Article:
8. I have just visited the ROH website and it is clear that all remaining opera and ballet performances due between now and the end of the season have been cancelled. The one exception seems to be the RBS main stage performance and that may simply be an oversight on someone's part. I don't expect any early information about next season's opera or ballet programmes. At this point the ballet company is at a considerable advantage as the management knows who will be in the company next season and their versatility, the availability of those who also perform abroad and how much flexibility in progra
  9. I think that anyone anticipating that the season will resume any time soon is being wildly optimistic. In fact I think it quite likely that we shall be told in the not too distant future that the season is being abandoned. The shut down started last week and we shall not begin to see its beneficial effects for at least three or four weeks because of the time lag between controlling the sort of social interaction which makes high infection rates possible and reducing them by the closure of places of public entertainment and placing other restrictions on our behaviour . We also need to bear in m
  10. Why not take the opportunity to look further afield and explore some of the offerings on Vimeo ? Here are a few suggestions 1) Frederick Ashton A familiar name however the range of his works which we are permitted to see is somewhat limited. Here is an opportunity to watch "Frederick Ashton performed by the Satasota Ballet" which runs for about an hour and includes excerpts from the works in Sarasota Ballet's repertory some of which we may only know by name rather than being works with which we are all familiar. It includes excerpts from Apparitions the work which establish
  11. It seems pretty clear to me that when Hayward was talking about the "classics" she was talking about the five nineteenth century ballets which de Valois acquired for her young company in the 1930's and chose to describe as "The Classics". I have no idea whether or not Hayward wants to dance lead roles in Don Q or Bayadere only time will tell.whether she wants to dance them. In fact if she chooses not to dance them I would be tempted to ascribe her failure to sound artistic taste. I think that we have to accept the sad fact that not all nineteenth century ballets are of equal quali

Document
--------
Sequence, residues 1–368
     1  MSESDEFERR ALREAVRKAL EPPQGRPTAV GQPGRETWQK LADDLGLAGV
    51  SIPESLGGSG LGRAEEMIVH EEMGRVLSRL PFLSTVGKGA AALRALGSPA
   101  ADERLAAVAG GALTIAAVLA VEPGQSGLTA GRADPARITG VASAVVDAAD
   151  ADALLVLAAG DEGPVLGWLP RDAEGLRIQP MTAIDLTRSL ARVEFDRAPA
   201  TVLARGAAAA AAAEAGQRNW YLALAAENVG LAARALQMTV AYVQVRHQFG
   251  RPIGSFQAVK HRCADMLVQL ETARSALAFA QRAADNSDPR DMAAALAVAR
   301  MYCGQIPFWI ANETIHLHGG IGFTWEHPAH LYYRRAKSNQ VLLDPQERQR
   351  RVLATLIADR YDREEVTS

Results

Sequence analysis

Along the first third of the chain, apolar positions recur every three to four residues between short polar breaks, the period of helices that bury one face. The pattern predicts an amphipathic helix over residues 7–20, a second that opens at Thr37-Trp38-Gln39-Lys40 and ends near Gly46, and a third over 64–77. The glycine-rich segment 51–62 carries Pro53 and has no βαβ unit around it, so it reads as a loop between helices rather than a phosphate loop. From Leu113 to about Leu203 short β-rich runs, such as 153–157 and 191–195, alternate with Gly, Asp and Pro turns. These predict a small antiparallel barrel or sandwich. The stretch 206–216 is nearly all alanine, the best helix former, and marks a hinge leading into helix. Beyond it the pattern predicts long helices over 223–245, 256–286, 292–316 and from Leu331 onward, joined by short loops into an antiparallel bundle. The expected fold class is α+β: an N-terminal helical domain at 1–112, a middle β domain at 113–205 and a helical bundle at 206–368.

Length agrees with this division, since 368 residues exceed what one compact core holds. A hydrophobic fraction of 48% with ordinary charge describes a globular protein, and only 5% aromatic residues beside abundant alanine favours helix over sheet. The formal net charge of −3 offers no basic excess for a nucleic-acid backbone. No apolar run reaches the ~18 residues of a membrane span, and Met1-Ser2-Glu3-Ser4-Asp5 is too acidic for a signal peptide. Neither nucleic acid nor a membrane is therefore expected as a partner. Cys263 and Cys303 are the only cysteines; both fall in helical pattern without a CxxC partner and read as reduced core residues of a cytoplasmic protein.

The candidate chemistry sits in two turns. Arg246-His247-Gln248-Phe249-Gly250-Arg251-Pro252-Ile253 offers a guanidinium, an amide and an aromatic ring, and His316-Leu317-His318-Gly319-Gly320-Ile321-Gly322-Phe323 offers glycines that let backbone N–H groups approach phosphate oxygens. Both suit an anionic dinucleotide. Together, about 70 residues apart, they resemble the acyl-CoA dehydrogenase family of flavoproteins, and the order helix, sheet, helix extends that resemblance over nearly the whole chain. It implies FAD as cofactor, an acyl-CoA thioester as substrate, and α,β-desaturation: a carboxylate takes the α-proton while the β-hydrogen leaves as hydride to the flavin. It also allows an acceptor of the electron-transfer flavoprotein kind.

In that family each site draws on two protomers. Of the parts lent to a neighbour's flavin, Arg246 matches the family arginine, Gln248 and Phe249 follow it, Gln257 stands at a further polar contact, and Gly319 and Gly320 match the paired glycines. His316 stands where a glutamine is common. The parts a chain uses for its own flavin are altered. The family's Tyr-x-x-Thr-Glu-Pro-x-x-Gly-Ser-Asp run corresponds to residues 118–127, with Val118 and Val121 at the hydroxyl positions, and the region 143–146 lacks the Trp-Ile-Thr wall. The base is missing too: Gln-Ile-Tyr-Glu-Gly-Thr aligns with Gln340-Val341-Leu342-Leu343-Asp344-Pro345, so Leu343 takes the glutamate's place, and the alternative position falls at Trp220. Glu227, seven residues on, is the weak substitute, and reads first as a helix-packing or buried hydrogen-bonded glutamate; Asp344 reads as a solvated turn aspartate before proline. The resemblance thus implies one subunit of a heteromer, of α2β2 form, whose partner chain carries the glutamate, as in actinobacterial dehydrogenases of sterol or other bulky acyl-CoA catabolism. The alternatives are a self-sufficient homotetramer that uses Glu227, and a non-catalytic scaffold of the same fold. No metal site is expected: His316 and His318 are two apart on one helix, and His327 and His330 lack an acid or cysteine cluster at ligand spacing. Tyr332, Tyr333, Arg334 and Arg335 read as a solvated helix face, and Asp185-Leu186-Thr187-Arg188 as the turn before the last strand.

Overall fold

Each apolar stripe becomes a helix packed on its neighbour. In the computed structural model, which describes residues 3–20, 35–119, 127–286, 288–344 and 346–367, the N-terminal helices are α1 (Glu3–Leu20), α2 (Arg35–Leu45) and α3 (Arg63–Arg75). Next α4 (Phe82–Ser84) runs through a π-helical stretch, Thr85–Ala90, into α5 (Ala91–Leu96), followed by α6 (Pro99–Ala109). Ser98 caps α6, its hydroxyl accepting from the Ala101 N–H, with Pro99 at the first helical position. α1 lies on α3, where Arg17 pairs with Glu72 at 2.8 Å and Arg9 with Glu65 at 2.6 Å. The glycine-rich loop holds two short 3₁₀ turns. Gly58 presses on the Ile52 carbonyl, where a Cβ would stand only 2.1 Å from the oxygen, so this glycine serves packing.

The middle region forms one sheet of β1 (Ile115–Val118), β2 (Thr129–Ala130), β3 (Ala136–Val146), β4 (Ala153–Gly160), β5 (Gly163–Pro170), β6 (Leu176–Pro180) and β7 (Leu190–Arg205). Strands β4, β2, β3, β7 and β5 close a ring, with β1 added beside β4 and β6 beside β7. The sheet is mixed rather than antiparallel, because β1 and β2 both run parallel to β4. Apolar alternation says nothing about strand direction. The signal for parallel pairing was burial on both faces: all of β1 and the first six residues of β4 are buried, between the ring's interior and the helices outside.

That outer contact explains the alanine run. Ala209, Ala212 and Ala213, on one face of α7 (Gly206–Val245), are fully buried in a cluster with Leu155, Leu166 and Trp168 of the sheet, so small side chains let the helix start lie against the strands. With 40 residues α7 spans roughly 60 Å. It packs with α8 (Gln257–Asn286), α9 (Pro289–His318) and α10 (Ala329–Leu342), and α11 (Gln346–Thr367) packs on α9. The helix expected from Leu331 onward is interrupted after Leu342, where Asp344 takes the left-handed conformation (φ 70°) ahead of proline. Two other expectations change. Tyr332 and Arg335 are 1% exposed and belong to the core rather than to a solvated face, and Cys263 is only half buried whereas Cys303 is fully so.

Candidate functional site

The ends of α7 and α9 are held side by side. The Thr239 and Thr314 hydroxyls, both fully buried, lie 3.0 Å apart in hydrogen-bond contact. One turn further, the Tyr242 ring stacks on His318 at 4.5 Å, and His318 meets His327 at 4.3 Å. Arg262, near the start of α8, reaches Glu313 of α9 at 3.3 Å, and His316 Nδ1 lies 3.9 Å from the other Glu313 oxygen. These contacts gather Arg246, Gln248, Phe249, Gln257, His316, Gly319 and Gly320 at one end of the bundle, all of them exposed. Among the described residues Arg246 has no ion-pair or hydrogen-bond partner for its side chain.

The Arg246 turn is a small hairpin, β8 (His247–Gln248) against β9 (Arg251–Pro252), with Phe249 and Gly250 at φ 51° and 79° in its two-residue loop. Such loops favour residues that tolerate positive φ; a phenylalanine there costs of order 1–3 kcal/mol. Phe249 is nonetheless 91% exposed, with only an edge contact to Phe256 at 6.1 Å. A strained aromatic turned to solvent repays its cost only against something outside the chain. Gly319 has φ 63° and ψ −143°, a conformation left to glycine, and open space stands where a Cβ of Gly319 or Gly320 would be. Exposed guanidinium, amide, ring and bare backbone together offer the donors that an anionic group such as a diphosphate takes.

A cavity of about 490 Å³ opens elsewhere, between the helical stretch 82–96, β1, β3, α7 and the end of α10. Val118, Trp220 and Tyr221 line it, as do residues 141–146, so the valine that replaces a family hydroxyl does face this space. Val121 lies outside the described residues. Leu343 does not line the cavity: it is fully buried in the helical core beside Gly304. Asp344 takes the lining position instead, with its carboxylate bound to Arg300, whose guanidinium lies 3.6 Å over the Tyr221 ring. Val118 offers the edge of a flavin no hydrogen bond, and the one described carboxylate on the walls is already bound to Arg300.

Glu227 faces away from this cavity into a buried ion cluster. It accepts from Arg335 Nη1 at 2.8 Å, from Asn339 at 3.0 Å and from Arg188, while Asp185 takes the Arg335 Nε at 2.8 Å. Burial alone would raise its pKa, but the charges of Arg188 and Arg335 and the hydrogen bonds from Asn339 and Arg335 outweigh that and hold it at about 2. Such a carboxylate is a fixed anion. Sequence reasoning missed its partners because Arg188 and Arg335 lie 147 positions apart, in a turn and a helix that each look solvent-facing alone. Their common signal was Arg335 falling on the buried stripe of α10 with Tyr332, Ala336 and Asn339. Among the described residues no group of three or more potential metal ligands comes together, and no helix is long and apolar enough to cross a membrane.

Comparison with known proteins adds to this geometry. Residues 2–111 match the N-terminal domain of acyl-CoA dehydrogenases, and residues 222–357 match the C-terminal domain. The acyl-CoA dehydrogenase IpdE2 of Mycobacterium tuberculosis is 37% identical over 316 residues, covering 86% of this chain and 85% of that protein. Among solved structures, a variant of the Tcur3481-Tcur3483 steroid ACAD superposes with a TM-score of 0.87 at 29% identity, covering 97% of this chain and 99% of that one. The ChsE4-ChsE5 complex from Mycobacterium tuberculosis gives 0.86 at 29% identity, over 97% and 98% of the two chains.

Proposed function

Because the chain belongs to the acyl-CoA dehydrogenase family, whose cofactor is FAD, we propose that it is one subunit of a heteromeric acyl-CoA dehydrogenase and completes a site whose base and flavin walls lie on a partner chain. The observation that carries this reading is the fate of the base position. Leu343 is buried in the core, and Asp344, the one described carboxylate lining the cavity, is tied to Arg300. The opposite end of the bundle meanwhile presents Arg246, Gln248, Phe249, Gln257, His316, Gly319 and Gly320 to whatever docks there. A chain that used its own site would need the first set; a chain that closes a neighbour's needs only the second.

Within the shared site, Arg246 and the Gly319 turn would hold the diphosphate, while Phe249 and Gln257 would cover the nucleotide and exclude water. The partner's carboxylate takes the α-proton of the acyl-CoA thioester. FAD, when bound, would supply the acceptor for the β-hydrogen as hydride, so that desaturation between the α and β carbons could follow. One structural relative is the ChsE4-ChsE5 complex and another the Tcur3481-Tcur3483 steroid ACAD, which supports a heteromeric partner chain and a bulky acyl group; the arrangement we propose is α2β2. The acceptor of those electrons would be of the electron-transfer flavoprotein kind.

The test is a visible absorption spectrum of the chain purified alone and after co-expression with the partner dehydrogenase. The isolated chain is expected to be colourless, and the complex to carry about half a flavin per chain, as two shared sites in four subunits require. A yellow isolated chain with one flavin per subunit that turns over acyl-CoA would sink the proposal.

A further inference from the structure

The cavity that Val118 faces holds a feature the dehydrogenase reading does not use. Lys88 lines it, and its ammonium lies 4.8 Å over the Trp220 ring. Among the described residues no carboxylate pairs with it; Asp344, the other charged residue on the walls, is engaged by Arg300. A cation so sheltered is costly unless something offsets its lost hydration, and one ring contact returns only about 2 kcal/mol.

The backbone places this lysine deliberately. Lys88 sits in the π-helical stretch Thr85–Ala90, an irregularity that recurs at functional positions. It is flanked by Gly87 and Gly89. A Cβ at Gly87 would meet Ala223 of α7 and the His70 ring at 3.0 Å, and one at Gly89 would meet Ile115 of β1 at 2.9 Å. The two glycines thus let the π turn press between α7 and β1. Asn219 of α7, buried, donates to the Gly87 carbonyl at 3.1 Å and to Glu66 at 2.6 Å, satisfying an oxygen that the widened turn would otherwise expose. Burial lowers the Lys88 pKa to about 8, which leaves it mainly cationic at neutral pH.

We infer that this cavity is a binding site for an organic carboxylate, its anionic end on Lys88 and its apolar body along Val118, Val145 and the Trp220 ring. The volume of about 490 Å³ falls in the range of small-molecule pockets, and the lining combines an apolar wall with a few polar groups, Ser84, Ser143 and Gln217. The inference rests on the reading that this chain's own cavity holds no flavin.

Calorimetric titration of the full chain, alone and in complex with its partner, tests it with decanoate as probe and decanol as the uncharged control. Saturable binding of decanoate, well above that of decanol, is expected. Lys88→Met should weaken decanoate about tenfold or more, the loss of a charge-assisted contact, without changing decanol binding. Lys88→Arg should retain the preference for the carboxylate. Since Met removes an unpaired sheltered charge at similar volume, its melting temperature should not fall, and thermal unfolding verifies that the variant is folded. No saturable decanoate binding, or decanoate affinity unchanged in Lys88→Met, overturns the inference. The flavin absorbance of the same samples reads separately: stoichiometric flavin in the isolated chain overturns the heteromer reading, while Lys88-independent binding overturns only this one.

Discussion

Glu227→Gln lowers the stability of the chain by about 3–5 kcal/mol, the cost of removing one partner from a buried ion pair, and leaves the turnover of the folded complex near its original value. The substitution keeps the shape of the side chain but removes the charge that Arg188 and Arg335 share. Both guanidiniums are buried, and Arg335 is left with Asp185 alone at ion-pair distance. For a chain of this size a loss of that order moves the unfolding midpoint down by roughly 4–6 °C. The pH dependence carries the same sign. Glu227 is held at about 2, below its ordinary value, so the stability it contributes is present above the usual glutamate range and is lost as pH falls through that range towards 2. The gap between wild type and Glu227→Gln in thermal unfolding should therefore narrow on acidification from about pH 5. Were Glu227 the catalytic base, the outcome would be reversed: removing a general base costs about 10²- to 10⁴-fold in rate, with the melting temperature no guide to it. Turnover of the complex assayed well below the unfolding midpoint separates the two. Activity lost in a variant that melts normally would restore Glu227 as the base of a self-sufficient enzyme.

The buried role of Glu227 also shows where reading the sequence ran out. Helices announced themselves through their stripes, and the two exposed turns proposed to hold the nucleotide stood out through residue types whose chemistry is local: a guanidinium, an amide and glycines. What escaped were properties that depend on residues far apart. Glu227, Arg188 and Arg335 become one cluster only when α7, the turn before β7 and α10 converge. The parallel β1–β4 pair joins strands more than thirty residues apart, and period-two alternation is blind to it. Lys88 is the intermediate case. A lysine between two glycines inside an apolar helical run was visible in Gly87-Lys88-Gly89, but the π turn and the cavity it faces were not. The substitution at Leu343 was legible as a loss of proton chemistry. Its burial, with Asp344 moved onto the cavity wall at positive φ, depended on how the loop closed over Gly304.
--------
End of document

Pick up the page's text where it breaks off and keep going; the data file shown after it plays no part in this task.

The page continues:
12. I think that from what I have read elsewhere the point being made here is that the change at the top in a ballet company based in Germany has the potential to be far more disruptive than it is elsewhere in the world as the new director is free to replace every dancer in the company should he or she wish to do so. Of course something like Ratmansky's reconstruction may be years in the planning and may not always disappear overnight with a change of director, in the absence of repertory to replace it, but the fact remains that the artistic direction which a German company takes can, and often d
  13. As there are two more performances at which Osipova is to dance Tatiana I thought it might be interesting to visit a couple of these resale sites to see whether there were any tickets being offered and what sort of prices the sellers were asking for them. Not surprisingly I found tickets for sale for both performances at highly inflated prices including some for seats in the Upper Slips from which there is virtually no view of the stage. As it is so easy to find tickets being offered for any number of performances at the Royal Opera House on these sites I can't help wondering why it takes no a
  14. I trust that this does not offend anyone but Marguerite Porter's Lilac Fairy is not an ideal exemplar with which to compare later exponents of the role save where tempo is concerned. Where the 1978 recording of the ballet really scores is in the dancer's relationship with the music. Apart from the Crystal Fountain variation which is slower all the other dancers in that recording are within seconds of the tempi set by Previn in his LSO studio recording of the score and Collier is a second or two faster as the Fairy of the Songbirds.From my recollection this degree of acute musicality is true of
  15. I may wish to add to it after I have been to the gala but at present my list is as follows:- Lander's Etudes, which was once the company's calling card. Ashton's Romeo and Juliet. Balanchine's Night Shadow. Balanchine's Apollo. Markova's staging of Les Sylphides. Skeaping's Giselle which should be timetabled for regular revival. Lifar's Suite en Blanc. Massine's Parade for its Picasso designs and its sheer oddity. Bejart's Song of a Wayfarer. All of which I think bear repeated viewing. Could you please move this to the reviv